Why Do I Have Fuzzy Teeth?

One of the first things you might do in the morning is to slide your tongue over the surfaces of your teeth. You are puzzled because you brushed and flossed your teeth and possibly used mouthwash before going to sleep. Yet, fuzz has covered your teeth and caused you to lose your smooth-feeling teeth and fresh breath. 

If your teeth feel fuzzy, schedule an appointment for a comprehensive oral examination and professional teeth cleaning at one of Trident Dental’s convenient locations.

The Main Cause of Fuzzy Teeth

Even if you brush your teeth every morning to clean off the morning fuzz, it seems to appear later in the morning. The reason for this constantly forming fuzz is dental plaque. Plaque is a highly organized community of bacteria and other microbes known as a biofilm. It constantly forms in everyone’s mouth. 

When plaque forms, it attaches loosely to teeth and is easily removed. However, the longer it remains, the more firmly and difficult it is to remove. Eventually, plaque hardens into what is called dental calculus, or tartar. Tartar removal requires professional cleaning by your dentist or dental hygienist

As plaque accumulates, it forms a thicker substance, resulting in a fuzzy teeth feeling. While you sleep, your mouth is drier, which promotes plaque accumulation. Because most people do not hydrate or brush their teeth during the night, they awaken with a distinct fuzz on their teeth and odor caused by plaque bacteria.

Dehydration and Fuzzy Teeth

Some estimates are that three-fourths of Americans are dehydrated. There are many medical consequences of dehydration, including oral health problems. One of the issues associated with not drinking sufficient water daily is its effect on your saliva, which is 99% water. The quality and amount of saliva produced by your salivary glands help wash away food particles and plaque from your teeth. Therefore, you can minimize the fuzzy teeth feeling with proper daily hydration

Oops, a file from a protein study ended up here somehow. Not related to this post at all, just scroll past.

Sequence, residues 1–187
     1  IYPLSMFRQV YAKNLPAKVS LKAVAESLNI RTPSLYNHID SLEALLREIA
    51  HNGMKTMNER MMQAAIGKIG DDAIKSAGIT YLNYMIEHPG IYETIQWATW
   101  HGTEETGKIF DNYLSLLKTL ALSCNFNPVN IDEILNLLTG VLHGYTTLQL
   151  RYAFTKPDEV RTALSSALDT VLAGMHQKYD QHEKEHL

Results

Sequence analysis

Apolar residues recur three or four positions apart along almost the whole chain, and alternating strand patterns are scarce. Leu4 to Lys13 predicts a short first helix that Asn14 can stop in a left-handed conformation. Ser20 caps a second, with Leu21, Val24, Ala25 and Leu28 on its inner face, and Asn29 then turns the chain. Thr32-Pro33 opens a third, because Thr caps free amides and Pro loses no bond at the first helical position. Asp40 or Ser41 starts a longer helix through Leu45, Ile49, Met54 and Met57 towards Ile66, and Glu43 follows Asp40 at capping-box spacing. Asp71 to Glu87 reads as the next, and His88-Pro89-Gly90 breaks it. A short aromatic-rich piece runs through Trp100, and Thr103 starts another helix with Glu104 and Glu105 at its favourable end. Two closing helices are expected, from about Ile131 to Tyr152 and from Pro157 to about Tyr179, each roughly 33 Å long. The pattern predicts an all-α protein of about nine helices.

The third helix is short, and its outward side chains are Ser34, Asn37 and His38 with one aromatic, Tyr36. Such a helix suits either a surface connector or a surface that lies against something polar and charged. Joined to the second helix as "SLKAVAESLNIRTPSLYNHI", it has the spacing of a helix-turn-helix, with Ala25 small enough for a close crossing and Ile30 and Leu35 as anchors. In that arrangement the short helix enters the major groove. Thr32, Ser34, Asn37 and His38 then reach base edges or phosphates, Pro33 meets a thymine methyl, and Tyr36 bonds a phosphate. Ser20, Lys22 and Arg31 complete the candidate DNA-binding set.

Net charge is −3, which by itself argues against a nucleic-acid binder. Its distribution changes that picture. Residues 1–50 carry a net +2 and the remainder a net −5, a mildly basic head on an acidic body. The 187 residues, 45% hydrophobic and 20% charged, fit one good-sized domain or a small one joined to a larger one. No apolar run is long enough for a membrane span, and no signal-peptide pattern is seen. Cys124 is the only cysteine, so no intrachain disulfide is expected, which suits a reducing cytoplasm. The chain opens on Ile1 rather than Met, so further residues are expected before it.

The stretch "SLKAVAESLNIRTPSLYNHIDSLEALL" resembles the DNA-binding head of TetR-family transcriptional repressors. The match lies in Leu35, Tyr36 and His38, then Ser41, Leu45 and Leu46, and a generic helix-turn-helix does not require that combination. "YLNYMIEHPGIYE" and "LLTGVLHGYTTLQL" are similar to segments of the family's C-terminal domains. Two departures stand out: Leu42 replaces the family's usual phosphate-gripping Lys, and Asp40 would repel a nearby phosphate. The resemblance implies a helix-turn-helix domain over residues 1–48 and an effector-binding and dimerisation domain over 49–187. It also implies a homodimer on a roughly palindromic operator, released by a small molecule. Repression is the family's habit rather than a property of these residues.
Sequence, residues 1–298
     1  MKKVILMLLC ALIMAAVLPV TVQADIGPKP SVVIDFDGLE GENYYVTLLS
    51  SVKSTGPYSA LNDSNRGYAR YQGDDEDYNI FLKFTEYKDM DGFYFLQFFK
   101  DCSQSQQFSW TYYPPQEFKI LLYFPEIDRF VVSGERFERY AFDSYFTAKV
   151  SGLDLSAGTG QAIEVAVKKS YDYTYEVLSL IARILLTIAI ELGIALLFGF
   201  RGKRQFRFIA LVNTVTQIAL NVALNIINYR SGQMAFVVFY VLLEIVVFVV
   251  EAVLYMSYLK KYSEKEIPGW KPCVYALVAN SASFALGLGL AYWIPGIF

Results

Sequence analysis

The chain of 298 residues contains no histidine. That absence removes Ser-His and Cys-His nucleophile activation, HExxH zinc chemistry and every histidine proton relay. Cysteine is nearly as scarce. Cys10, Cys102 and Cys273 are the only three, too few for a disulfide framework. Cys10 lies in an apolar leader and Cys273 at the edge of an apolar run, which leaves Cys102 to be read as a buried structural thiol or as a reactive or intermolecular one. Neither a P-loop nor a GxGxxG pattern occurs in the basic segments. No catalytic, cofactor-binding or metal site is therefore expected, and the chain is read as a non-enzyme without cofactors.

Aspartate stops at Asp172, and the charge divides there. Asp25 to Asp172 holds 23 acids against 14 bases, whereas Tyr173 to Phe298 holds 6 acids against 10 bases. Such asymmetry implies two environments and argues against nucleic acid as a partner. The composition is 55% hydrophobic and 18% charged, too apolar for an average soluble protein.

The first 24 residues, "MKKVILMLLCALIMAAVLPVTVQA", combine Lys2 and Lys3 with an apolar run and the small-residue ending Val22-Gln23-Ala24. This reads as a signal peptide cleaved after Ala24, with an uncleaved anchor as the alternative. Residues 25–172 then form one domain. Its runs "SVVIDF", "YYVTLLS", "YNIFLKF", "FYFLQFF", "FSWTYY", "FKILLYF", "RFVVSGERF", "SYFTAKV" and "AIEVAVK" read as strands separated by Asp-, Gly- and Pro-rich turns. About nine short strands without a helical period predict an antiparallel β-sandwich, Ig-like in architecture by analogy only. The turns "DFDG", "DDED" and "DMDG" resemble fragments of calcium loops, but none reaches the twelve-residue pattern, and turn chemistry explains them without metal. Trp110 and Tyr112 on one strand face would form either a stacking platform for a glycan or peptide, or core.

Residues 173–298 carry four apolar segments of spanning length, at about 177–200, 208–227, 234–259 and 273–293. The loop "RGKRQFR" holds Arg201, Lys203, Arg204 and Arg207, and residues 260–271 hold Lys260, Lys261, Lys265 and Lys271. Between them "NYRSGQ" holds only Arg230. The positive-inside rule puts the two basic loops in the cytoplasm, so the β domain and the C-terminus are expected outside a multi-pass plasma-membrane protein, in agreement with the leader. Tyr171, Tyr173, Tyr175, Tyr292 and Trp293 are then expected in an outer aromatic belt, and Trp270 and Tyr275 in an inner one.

Diet and Fuzzy Teeth

Eating less sugary and processed starchy foods promotes healthy teeth and gums and helps prevent plaque buildup. However, candy, cookies, and ice cream are not the only foods stimulating plaque. Some healthy foods, such as spinach, kale, and beets, contain oxalic acid, which contains oxalate crystals that do not dissolve in water. When you chew these foods, these crystals are released and stick to your teeth. This coating gives your teeth a fuzzy feeling. Although these oxalate-containing foods may leave your teeth fuzzy, their health benefits outweigh this side effect.

Medications and Dry Teeth

Many prescription and over-the-counter medications have dry mouth as a side effect. The result can significantly harm your teeth and gums due to increased plaque. Talk with your dentist if you experience a dry mouth that causes your teeth to feel fuzzy after taking medication. Dentists often have solutions such as artificial saliva, fluoride treatments, or prescription medications to stimulate saliva production.

How to Prevent Fuzzy Teeth

The best way to prevent your fuzzy teeth is by:

  • Brushing your teeth twice daily for two minutes with a soft-bristled toothbrush.

  • Flossing with the proper technique daily.

  • Using a mouthwash that is recommended by your dentist.

  • Eating a well-balanced diet that includes plenty of fruits and vegetables.

  • Minimizing the amount of sugary and unhealthy starchy foods you consume.

  • Stay hydrated every day.

  • Learning the side effects of any medication you take.

Schedule Appointment

Healthy teeth and gums give you a bright smile and are essential for optimal health and wellness. Contact Trident Dental to learn more about preventing plaque buildup that causes fuzzy teeth.

Schedule Appointment

Scroll to Top